By Darline Turner-Lee, mother to preemie Vanessa and founder of Mamas on Bedrest & Beyond
As a parent of a late-term preemie, I found myself completely unprepared for the emotional fallout after my child was born early and with breathing problems. Term births are considered pregnancies carried to 40 weeks. Babies born at 37 week gestation or earlier are considered premature. Even though I had been at risk and was very nearly on bedrest at several different points during my pregnancy, the topic of a neonatal ICU (NICU) stay never entered the conversation. I worked in the medical field for many years and still felt unprepared for my child’s stay. I sincerely wish my OB and I could have discussed these possibilities in advance. If you are pregnant, here are some tips and questions to help you prepare your own backup plan in case your child is born earlier than expected or with complications.
Have a frank discussion with you obstetrician about preterm labor and prematurity. As your pregnancy progresses, ask them, “What would happen to my baby if s/he were born today?” Find out if your hospital has a NICU, what level of care it provides and if your baby could receive care there. Get in the habit of asking the question and don’t let them hedge the answers. Your question may be met with, “Why would you want to even contemplate such a thing? Everything is just fine” or “You stay calm and let me worry about you and this baby.” Keep pressing. It’s important that you know what to expect.
Learn the Signs of Preterm Labor & Have a Backup Plan
Learn the signs of preterm labor, and discuss this with your obstetrician. Have a tentative plan for what you would do and who you would call if you went into labor earlier than expected.
Go by the NICU in the hospital where you expect to deliver
Where possible, find out where the NICU is located in your hospital or where your baby would be transferred if your hospital doesn’t have a NICU. You may be able to learn about the NICU on your maternity ward tour. If not, ask. Depending on your hospital’s policies, you may or may not be able to enter, but you can speak with the nurses and get a feel for who will be taking care of your baby if they need intensive care.
Books can be good, but most pregnancy books don’t cover preterm labor and prematurity very extensively. If there are a few pages, let alone an entire chapter, on preterm labor and prematurity, that’s more than what many parents get in the way of exposure. While certain health complications may place mamas at risk for a child born early, in nearly half the cases, the cause is unexpected or completely unknown. Seek out books that cover this topic, visit educational websites and talk to parents of preemies. Additionally, get hooked up with the March of Dimes. The resources they have available are extensive to say the least. If you know you are at high risk, read my 8 tips for preparing for a high-risk pregnancy.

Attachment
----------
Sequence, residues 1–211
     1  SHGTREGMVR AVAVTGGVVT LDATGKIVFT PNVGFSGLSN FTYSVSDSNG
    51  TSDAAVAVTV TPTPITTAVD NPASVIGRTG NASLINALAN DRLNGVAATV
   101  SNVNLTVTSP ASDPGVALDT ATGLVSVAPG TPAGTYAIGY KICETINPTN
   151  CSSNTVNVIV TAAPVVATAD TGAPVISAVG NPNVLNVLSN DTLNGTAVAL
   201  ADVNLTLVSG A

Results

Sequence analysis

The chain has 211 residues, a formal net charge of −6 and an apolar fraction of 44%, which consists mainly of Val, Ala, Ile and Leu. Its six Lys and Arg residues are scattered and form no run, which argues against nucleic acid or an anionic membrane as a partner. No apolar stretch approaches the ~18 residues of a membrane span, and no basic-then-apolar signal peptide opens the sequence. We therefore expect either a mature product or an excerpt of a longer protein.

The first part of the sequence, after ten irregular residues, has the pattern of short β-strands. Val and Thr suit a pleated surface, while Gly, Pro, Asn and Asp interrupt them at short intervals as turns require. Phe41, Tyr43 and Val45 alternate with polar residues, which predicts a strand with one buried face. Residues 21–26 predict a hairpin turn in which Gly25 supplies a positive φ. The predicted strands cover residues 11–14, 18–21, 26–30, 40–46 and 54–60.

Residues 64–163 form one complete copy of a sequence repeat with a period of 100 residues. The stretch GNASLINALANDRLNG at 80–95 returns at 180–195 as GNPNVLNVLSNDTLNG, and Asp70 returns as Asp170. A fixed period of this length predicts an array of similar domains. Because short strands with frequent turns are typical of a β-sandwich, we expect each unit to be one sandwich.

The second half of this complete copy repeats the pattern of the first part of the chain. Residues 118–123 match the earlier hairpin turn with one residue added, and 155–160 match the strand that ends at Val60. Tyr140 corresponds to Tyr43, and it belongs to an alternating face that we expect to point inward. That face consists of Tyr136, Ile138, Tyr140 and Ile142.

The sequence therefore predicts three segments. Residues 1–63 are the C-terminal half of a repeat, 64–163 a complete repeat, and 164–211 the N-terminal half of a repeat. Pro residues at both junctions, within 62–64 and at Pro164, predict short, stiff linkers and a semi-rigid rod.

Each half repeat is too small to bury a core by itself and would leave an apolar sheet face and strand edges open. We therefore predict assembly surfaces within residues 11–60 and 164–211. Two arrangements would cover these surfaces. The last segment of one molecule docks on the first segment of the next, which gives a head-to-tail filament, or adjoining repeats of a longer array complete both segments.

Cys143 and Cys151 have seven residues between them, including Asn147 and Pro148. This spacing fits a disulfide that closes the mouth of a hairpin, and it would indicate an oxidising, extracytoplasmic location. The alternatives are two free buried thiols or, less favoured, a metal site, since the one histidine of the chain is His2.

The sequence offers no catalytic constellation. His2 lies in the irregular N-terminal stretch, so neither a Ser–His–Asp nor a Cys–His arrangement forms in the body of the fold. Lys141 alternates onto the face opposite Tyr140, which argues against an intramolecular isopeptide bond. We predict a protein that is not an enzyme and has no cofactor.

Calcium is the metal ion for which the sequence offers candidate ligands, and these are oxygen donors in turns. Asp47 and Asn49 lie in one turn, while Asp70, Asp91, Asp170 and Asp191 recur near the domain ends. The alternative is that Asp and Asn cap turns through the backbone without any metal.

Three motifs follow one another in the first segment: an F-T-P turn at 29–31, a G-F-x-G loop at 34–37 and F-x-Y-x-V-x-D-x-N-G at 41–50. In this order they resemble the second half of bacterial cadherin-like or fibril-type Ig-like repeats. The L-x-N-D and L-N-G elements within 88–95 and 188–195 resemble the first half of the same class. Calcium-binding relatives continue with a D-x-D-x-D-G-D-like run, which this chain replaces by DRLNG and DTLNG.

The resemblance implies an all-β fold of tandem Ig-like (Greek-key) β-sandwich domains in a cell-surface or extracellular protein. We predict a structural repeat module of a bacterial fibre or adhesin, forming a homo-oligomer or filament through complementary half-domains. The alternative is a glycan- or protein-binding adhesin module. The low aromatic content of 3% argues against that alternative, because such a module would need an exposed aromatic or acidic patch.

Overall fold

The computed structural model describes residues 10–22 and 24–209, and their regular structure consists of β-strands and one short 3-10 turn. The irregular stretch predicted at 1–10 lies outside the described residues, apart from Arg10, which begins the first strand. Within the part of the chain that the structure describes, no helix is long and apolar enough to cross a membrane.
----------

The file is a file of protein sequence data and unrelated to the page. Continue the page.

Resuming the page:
Learn About Support Groups
Consider connecting with parents of preemies. They are far and away the best resource about what it’s really like. Hand to Hold provides virtual support groups and on-to-one support through their mobile app and online community, plus peer mentor matches.
Pick up a few books on the subject
Here are a couple of books that I think may be useful for parents of premature infants.
- The Preemie Primer by Jennifer Gunter, MD. In addition to recounting her own experience as a mother of premature infant boys, Dr. Gunter also provides many resources and tips on navigating the health care system, obtaining resources for your child and taking care of yourself as a parent during one of the most stressful times of transition a woman, couple and family can experience.
- Fragile Beginnings by Adam Wolfberg, MD. Fragile Beginnings is the personal account of the birth and subsequent NICU journey of Dr. Wolfberg’s youngest daughter Larissa. While the book provides a lot of information and background rationale for the care of premature infants, there is not a lot of practical information for parents. It is a good read if one wants to understand why neonatologists are making certain decisions for their child.
Most parents don’t expect their baby to come early. To say, it’s a shock would not be a strong enough term, but this is today’s reality for 1 in 8 moms who will have a baby born early. A NICU stay, no matter how short or long, has often been described as an emotional rollercoaster. Read my personal story – Unprepared For Any NICU Stay. That’s why I urge you to prepare yourselves for the possibility—call it insurance—and speak to your health provider about what could happen and how to best prepare IF your child is born early.
Darline Turner-Lee is the owner of Mamas on Bedrest. She is a woman’s health advocate and provides education, support and resources to women with high risk pregnancies on bed rest. Darline has 17 years of experience as a physician assistant, ACSM Certified Clinical Exercise Specialist and perinatal fitness instructor. In addition to two miscarriages, she is the mother of two children, one born just before 37 weeks gestation. Turner-Lee holds a Bachelor of Science degree in Biology from Tufts University and a Master of Health Science Degree from Duke University Medical Center’s Physician Assistant Program.